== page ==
High hopes for growth of timber towers

Posted by Rumin Mann
March 11th, 2011

CANADIAN architect Michael Green had a key message for the Green Cities conference in Melbourne last week: high-rise towers can be built from timber and have a big role to play in a carbon-conscious urban world.

Mr Green’s Vancouver-based firm, mgb ARCHITECTURE, is designing a prototype 30-storey building out of wood at Prince Rupert in northern British Columbia (BC).

”We – the Wood Enterprise Coalition, a combination of industry and the BC government – have a grant from the government to build this, ” he told BusinessDay at the conference, where he was a keynote speaker.

”We have the science and engineering work and need to follow it through and execute the scale that’s possible.”

Mr Green said the aim of the prototype was to show clients, developers, architects, contractors and building code authorities that high-rise wooden buildings were possible. ”We need to work on explaining the details of how these things work,” he said. ”I want to show it’s viable in the marketplace, and does not require subsidies. It can work on the economics.”

In the interim, Mr Green’s firm has designed a 12-storey building from wood that has been funded by the BC provincial government. This will also be built in Prince Rupert.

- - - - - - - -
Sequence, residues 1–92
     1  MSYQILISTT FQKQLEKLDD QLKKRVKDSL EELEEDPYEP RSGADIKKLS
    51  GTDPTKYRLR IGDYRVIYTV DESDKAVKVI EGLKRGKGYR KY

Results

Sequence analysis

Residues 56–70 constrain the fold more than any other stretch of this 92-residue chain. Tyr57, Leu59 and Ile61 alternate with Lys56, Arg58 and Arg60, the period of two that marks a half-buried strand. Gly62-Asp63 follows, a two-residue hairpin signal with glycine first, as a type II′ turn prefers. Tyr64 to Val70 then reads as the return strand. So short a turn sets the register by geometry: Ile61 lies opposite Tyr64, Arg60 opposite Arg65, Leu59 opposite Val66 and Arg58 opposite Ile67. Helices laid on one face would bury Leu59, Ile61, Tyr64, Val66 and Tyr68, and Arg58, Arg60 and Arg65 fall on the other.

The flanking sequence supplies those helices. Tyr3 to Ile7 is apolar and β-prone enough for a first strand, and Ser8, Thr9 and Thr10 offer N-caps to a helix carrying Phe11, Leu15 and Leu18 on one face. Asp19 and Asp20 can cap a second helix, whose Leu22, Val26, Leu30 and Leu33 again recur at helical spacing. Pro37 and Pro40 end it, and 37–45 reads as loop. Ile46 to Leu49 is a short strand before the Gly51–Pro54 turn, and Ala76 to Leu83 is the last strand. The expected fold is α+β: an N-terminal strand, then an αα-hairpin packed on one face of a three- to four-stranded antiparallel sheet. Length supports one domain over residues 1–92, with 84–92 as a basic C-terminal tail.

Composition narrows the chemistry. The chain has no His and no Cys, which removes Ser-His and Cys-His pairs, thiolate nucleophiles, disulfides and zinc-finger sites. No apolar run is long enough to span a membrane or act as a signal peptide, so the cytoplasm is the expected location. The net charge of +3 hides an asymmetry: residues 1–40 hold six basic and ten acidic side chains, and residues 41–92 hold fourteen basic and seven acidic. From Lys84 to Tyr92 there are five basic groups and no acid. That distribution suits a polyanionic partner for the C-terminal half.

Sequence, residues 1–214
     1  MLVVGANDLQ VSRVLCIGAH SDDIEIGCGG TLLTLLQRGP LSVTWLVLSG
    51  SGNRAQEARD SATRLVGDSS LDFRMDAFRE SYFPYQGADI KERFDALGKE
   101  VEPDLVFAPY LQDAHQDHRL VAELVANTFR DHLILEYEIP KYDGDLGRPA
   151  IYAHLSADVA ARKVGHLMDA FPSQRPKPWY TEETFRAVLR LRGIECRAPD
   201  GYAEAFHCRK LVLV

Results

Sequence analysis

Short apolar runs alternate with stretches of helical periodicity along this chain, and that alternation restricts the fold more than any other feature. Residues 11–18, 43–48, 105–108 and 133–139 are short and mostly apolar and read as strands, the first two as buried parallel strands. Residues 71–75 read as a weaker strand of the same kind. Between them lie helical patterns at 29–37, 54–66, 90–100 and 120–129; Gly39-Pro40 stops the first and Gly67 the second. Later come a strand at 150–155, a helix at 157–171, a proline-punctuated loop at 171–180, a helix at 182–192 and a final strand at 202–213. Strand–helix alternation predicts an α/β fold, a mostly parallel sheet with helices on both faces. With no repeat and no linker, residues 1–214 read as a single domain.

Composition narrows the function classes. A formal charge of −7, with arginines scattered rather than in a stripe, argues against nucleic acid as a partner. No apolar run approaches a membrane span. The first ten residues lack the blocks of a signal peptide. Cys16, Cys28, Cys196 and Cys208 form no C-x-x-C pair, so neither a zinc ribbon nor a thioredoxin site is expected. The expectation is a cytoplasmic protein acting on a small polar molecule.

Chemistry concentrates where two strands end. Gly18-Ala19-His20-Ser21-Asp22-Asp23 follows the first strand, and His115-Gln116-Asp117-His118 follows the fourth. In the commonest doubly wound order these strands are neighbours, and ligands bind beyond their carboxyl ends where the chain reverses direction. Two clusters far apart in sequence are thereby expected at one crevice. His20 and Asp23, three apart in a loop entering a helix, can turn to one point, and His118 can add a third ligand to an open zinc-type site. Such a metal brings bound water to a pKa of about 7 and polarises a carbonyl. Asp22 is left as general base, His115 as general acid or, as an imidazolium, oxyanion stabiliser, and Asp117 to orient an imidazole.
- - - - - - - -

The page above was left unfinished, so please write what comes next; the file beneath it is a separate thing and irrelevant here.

”The government has a role, but I want to prove this is a private-sector opportunity. A private-sector developer or contractor who jumps on this first will be the one who will reap rewards. In the future, there will be a lot of tall, wood buildings.”

To coincide with the Green Cities conference, Grocon announced it would build Melbourne’s first wooden tower – a 10-storey timber apartment block on the old Carlton & United Breweries site in Swanston Street. Like the nine-storey residential Stadthaus at Hackney, East London – the first in Britain – it will be made of engineered softwood panels imported from Europe.

The Grocon building’s lift shafts will also be of timber, and it will have its own gas-fired electrical generator powered by waste woodchips.

For the 30-storey building Mr Green said he would use laminated strand lumber (LSL) – thick, large sheets that were more than 20 metres long, and more convenient than the shorter cross-laminated timber (CLT). ”That’s the length that allows us to more easily build the larger buildings, but it can be done with any system,” he said.

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